BAGHDAD // For more than a decade, Yunis Ouda al Abbadi lived and worked in Lebanon, settling into a regular job at a petrol station, predictably perhaps, falling in love with the cosmopolitan rhythms of Beirut.
He also fell in love with a Lebanese woman and, as soon as he had saved enough money, the two planned to marry. Those dreams were shattered in 2006 when, at 34, he was told by his father to urgently return to Amara in Iraq, the city of his birth. Fearing some catastrophe had befallen his family, he packed a bag and left Lebanon immediately. Arriving at his father's house, he quickly realised the only problem was his own; in accordance with local tribal traditions, it had been arranged that he would marry a cousin, whether he liked it or not.
"I rushed home thinking someone had been hurt. They wouldn't tell me anything on the phone, so I just went as fast as I could," he said. "When I got there, my father and my uncles told me about my marriage, that it had all been arranged and decided." Mr al Abbadi said his family and tribe piled pressure on him to accept, making it clear that he would shame them if he refused. Holding out against the plan, he decided to leave Amara, but the tribe intervened, using its power and connections to prevent him skipping town.
"I'd never even seen this woman before," Mr al Abbadi, now 38 years old, recalled. "When I was young and would visit my uncle's house, I couldn't see her or talk to her, it was never allowed. It's another of our traditions." Eventually, for the sake of his family's reputation, he agreed to the arranged marriage but, four years later and now a father of three, the shock of events has still not worn off.
"I'd lived in Beirut since I was 22, I had all these modern ideas, I'd seen that kind of life and then I was suddenly brought back into this," he said. "My wife isn't the woman I wanted. She has a different outlook to me. She'd never even left the house, really. She has no education. She's not someone I can talk to. "I don't love her. I won't divorce her because of the children and because it is my destiny, but this kind of thing should stop. I hate my father for this, I hate my uncles, I hate my tribe." Arranged marriages are common in Iraq, and it is also typical, certainly in areas outside of Baghdad, for cousins to marry. Under Iraqi law, it is illegal to force such a marriage against the will of either the man or the woman. In practice, however, compulsion is far from rare.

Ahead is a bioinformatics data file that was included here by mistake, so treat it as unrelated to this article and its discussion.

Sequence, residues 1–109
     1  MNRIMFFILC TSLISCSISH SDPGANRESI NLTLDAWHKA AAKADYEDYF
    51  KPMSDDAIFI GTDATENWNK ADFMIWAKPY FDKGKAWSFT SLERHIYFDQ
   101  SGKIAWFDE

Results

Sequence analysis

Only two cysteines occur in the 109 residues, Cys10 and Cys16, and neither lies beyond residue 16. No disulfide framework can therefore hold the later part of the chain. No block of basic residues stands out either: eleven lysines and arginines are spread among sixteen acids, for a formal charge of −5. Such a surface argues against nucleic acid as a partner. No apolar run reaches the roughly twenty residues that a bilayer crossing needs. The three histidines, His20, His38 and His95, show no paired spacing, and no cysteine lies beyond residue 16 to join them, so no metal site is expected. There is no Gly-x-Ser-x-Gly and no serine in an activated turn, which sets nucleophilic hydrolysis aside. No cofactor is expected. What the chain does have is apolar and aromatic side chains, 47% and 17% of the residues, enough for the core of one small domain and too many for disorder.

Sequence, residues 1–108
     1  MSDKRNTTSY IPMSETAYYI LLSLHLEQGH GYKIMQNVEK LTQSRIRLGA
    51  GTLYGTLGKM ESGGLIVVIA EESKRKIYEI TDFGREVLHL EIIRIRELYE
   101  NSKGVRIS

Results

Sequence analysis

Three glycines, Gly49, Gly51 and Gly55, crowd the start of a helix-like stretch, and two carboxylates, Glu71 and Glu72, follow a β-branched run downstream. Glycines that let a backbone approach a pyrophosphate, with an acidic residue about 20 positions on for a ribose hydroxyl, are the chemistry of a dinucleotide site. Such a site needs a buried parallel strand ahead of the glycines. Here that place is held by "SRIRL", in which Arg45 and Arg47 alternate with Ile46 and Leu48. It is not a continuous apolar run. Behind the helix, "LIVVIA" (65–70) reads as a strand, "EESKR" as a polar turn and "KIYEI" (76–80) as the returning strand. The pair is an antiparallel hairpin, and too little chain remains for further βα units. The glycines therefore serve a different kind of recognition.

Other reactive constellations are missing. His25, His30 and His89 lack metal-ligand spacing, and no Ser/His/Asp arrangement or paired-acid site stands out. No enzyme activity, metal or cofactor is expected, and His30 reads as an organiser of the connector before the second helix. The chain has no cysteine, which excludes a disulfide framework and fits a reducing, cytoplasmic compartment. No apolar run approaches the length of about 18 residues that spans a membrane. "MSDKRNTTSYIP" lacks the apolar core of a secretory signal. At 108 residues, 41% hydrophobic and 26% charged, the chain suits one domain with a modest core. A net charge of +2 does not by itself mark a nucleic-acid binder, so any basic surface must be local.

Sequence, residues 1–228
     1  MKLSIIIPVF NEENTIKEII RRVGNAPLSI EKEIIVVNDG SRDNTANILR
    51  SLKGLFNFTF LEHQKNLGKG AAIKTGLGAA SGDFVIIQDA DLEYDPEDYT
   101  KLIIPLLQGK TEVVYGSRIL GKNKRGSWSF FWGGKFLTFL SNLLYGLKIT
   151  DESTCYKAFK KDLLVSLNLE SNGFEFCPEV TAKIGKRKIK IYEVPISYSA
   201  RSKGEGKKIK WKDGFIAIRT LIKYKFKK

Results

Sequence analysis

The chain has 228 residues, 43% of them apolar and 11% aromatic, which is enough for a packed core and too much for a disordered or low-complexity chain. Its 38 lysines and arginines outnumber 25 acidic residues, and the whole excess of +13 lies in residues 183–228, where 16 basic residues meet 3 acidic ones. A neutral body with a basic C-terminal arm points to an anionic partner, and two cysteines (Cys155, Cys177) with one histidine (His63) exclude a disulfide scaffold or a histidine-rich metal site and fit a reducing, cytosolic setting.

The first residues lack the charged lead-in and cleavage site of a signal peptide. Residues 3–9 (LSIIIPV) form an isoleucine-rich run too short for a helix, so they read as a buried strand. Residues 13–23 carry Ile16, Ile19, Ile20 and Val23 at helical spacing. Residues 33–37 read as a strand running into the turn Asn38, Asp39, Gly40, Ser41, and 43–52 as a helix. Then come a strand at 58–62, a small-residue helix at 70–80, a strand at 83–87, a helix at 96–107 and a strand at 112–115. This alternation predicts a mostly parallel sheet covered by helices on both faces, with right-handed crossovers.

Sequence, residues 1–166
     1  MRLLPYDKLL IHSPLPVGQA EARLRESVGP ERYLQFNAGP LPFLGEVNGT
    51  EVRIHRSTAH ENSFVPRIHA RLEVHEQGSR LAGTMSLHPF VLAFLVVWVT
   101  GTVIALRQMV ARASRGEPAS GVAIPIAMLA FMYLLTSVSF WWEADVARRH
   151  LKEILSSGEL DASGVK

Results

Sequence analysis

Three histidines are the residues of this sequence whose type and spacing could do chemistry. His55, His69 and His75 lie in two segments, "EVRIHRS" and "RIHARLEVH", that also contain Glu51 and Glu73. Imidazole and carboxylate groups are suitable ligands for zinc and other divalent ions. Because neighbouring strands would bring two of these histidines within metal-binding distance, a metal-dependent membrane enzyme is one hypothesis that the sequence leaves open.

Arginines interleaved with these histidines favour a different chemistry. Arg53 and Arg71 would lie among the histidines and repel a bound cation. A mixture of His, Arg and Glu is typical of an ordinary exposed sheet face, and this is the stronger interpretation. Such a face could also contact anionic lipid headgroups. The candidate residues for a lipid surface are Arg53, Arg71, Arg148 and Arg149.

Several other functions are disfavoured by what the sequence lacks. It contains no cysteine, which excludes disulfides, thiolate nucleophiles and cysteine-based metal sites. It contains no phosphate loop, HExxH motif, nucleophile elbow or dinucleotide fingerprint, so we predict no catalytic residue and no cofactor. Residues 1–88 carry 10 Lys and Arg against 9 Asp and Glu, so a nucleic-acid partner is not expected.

Tribal leaders justify the practice on grounds of culture, tradition and practical common sense. Marriages kept within a tribe ensure its strength and unity, and, they say, are less likely to end in divorce. Varyes al Masoud, a sheikh from the Shammari tribe, said: "I always recommend that cousins marry. It is our way and it is better for everyone. Cousins can support one another, they have shared backgrounds and expectations, and it keeps the tribe strong."